The authority of the Supreme Judicial Council over al-Bitar is no more than the advice of “Do the right thing.”

The authority of the Supreme Judicial Council over al-Bitar is no more than the advice of “Do the right thing.”
The authority of the Supreme Judicial Council over al-Bitar is no more than the advice of “Do the right thing.”

Ghada Halawi

Coinciding with the start of the Supreme Judicial Council’s first meeting at 4:00 p.m. yesterday, headed by Judge Suhail Aboud, the judicial investigator in the port case, Tariq Al-Bitar, issued a memorandum setting a date for the two interrogation sessions of Representatives Nohad Al-Machnouk and Ghazi Zuaiter on the 29th of this month, and without taking into account the response of the General Secretariat of the House of Representatives that Hearing them falls within the jurisdiction of the Council for the Trial of Presidents, Ministers, and Representatives, which indicates its insistence on completing its steps and has sent letters to the Judicial Council and the Council of Representatives, which threaten to widen the circle of confrontation.

For hours, the Supreme Judicial Council met. The first meeting, which was held with a majority of eight out of ten members, is awaiting a major judicial workshop, the first of which is the file of judicial formations, which were set on a hot fire because it is also linked to the appointment of the remaining two members of the Council. The judicial investigator in the port case, Tariq Al-Bitar, did not attend the meeting. Contrary to what was mentioned, the head of the council, Judge Suhail Abboud, did not ask him to attend for several reasons, the first of which is that the first session is for members of the council to agree on the agenda for the next stage, and the second is that the request for a meeting with the judicial investigator will not take place before obtaining the opinion of the members of the Supreme Judicial Council and consulting with them regarding file and what it is based on. Meeting with him before submitting his report may embarrass the Supreme Council and make it bear the consequences of any decision taken by the judicial investigator after that, whether he steps down or continues his work. The council refrains from interfering with the work of al-Bitar, since he has no authority over the judicial investigator.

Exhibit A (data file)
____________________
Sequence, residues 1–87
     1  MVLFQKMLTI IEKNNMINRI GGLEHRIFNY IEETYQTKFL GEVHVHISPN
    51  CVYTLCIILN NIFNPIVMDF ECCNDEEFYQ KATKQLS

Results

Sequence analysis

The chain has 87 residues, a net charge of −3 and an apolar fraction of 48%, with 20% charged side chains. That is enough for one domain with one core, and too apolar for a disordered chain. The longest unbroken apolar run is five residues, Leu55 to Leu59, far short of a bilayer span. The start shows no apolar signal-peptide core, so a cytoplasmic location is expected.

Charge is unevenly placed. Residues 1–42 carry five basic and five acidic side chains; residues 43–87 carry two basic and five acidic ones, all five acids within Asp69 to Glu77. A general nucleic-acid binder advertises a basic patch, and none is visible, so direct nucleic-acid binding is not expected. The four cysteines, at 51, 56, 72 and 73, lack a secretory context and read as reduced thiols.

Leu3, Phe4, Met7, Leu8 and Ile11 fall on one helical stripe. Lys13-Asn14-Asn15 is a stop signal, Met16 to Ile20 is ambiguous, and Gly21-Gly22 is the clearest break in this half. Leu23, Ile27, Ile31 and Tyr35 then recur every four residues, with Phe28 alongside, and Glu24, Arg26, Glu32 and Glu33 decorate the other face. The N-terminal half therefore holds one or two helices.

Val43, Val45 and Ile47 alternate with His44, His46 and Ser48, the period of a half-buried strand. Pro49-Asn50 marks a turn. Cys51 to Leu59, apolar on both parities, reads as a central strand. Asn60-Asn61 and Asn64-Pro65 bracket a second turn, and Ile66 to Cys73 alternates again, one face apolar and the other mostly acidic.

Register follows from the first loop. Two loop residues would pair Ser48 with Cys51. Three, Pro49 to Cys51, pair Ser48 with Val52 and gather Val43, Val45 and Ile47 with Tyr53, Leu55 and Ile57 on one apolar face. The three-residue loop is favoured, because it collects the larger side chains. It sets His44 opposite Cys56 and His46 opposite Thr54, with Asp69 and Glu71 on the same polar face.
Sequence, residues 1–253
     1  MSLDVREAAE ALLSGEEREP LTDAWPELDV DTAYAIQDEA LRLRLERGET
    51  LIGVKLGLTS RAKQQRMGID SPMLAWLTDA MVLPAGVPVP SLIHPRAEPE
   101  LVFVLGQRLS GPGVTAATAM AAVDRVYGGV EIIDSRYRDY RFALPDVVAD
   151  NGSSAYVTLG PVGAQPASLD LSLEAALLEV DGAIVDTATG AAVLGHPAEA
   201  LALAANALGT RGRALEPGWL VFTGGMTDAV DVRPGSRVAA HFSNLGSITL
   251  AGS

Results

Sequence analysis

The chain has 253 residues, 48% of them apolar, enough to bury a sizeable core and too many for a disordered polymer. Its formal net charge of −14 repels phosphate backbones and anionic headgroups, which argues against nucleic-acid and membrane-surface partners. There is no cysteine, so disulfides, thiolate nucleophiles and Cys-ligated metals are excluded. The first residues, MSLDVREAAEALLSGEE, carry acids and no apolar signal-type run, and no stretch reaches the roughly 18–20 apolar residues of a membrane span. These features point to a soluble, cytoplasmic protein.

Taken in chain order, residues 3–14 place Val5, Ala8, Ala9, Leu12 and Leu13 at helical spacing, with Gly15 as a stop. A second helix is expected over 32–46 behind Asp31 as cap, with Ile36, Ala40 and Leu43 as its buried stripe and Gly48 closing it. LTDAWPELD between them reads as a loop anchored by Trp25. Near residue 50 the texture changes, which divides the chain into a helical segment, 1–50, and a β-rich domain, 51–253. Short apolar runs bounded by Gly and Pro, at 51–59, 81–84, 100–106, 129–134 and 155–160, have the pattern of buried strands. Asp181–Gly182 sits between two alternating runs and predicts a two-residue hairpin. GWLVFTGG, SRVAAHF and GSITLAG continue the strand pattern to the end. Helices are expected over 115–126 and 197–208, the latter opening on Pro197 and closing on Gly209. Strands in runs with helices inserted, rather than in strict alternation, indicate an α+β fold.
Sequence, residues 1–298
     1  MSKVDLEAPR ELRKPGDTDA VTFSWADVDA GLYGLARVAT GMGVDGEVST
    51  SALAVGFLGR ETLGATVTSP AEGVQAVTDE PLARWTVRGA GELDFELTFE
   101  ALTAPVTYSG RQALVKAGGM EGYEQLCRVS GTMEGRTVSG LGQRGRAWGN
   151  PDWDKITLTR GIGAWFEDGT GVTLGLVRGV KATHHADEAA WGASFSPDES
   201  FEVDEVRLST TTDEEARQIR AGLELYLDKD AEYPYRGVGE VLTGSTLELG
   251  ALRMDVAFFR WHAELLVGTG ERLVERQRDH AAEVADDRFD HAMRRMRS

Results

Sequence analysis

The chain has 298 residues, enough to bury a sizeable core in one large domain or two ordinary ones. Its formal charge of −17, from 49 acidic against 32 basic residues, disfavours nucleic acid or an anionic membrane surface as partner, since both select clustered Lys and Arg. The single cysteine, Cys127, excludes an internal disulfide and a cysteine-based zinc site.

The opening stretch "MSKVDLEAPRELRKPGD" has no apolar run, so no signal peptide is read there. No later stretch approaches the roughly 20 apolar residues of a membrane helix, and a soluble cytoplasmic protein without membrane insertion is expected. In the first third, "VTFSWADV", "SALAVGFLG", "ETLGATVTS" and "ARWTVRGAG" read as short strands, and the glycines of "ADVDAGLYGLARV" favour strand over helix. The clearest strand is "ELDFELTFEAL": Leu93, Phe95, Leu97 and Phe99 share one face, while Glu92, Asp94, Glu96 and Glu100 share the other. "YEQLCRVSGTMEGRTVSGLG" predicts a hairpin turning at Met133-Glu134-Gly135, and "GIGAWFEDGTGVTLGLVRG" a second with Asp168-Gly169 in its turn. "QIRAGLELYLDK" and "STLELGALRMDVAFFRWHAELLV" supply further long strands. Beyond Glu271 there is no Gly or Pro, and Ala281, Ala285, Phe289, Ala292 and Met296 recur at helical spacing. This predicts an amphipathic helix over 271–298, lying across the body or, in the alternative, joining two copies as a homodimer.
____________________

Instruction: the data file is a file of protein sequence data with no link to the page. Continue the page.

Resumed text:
The investigation into the port file would have taken a natural legal course had it not been for the steps taken by Judge Al-Bitar, whose objectors recorded legal notes, which they added to what they considered French and American interventions that raise questions about the purpose of this international pressure, which has become the subject of legitimate suspicion of its background, especially after If a European report was issued that talks about negligence as the main reason for the explosion. This international pressure and adherence to the judicial investigator harmed the work of the judge and the investigation and put it into question.

The investigation or that fireball did not find anyone to catch it yet, so it turned its attention to the Supreme Judicial Council and its president to get the country out of a predicament threatening it, after the mini-civil war that Tayouneh witnessed recently. What can the Judicial Council do?

The Judicial Council affirms that interfering with the work of any judge, or even asking him about the course of his work, does not fall within his powers. However, as the file turned into a public opinion issue, its discussion became obligatory before the members of the Council to deliberate on the political and judicial circumstances surrounding it, with no more than the limits of its powers. Those are the powers that Judge Abboud is keen not to overstep despite the dangerous course of the case. Judicially, it is customary for the judge to be free to dispose of his file without the aid or interference of any party, even if it is the highest judicial authority. Throughout the past period, and despite all the uproar about Al-Bitar’s work, the Supreme Judicial Council preferred to remain silent. Judge Abboud did not request an interview with Al-Bitar, who had not visited the council for more than a month.. The judge has no authority to interfere with his work, advise him, dismiss him, or even withdraw the file From his hand pursuant to the provisions of the law, at this time it is difficult for him to determine or judge a work that has not ended with a summary that is placed in the hands of his boss. When his indictment becomes ready and submitted to the Judicial Council, every incident has a conversation.

Since the beginning of his career, a single will came to Al-Bitar’s ears from the head of the Judicial Council, the abbreviation of which is the word “Behave right.” What is correct here assumes observance of the provisions of the law in reporting, not politicizing, not communicating with any of the parties to the case under consideration, and not turning the judge into a party. Perhaps Al-Bitar made mistakes in the investigation, or that his steps were necessary. It is not possible to judge that before reviewing the investigation’s course and the steps he took, on the basis of which he based his presumptive decision.

Undoubtedly, the Supreme Judicial Council notices before others how the investigation file into the port crime has turned into a public opinion issue that requires the judge to abide by the law, away from settling political scores with the political class, even if that is a popular need. And if many hopes were built on the judicial investigator in the port case, and the judge whose integrity is not questioned, what is required of him is to fulfill the wish of the overwhelming majority of the Lebanese that justice is the basis, and his work puts the reputation and prestige of the judiciary on the line.

 
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